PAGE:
Magazine article Global Finance

The Americas: AT&T Latin America Copes with Shaky Currencies

Magazine article Global Finance

The Americas: AT&T Latin America Copes with Shaky Currencies

Article excerpt

The threat of currency devaluations comes with the territory for companies doing business in Latin America. Life goes on, nonetheless.

"We are here for the long term," says Patricio Northland, chairman, president, and chief executive of AT&T Latin America. "Whenever there is a devaluation, prices always catch up. In Latin America, by definition, there is always volatility in macroeconomics.We have built a business plan to adapt to these changes.'

Whether there is a possible devaluation of the Argentine peso, a political crisis in another country in the region, or an energy crisis, his company's business plan is sound, and it is working, Northland says. The value of the company is in its future cash flow.

"Our corporate mission is to build an advanced, full-service telecom company in Latin America, targeting businesses and financial services in 14 specific cities with high-growth potential;' he says.

With operations in Argentina, Brazil, Chile, Colombia, and Peru, the Miami-based company is banking on a $23 billion market that will grow to $37 billion in the next five years, according to Northland.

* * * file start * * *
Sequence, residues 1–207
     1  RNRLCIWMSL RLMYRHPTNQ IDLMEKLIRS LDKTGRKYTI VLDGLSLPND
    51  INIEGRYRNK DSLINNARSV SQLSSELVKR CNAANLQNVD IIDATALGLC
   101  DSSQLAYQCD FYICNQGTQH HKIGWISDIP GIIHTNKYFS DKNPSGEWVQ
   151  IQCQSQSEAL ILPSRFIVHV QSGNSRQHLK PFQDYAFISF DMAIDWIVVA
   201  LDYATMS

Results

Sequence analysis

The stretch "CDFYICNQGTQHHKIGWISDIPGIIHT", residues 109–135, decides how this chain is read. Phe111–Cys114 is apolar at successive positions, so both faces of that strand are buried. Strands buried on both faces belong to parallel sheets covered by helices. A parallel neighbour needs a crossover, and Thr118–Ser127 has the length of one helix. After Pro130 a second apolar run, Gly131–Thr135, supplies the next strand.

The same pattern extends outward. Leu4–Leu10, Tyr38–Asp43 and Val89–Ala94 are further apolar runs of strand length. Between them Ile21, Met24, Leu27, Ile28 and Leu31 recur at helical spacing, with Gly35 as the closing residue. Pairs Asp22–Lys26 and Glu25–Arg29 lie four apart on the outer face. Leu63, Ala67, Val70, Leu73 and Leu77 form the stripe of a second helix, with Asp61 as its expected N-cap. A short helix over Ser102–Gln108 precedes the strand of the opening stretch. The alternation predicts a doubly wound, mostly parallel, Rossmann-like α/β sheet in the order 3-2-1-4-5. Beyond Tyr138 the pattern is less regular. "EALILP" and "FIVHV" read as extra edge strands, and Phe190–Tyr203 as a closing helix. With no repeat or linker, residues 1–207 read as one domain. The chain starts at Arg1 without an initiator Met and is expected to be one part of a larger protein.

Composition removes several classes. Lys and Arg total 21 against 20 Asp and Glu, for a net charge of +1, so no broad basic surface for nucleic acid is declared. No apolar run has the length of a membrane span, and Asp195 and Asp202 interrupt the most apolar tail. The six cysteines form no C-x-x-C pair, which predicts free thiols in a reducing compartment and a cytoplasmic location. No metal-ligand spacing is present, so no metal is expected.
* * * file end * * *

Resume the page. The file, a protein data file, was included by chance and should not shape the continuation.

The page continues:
"There is a huge opportunity for revenue growth," he says. "Even in Colombia, the risk of us losing our business is minimal.All of our fiber is under ground, and we are very diversified, serving companies of all sizes."

Despite challenging market conditions,AT&T Latin America's third-quarter revenues increased 60.6% from the same period of last year.The gain would have been higher absent the devaluations of the Brazilian real and the Chilean peso.

The company uses currency forward contracts for hedging purposes. Changes in the fair value of currency hedges resulted in a net gain of $17.7 million in the first half of 2001, which helped to offset translation losses of $26.2 million.

High bandwidth data and Internet services represent a majority of total revenue.

"Businesses are migrating to high-speed data networks, and we provide one platform to serve all their telecom needs," Northland says. "Nobody else has our comprehensive network architecture."

The data-intensive financial services industry is a strategic sector for AT&T Latin America."Banking requires exactly what we provide: network management services," Northland says.

Customers include Interbank,Asbanc, and Banco Sudamericano in Peru; the AVAL Group, Banco Granahorrar,ABN-AMRO, and Lloyds PBS in Colombia; Banco Credito e Inversiones and J.P Morgan Chase in Chile;American Express in Argentina; and Citibank, Banco Santander, and Banco Itau in Brazil.

In April the company was selected by the Brazilian Federation of Banking Associations for a three-year project to connect more than 190 financial institutions.

As it builds its network,AT&T Latin America is finding that its vendors are willing to lend it the money to pay for the equipment. …

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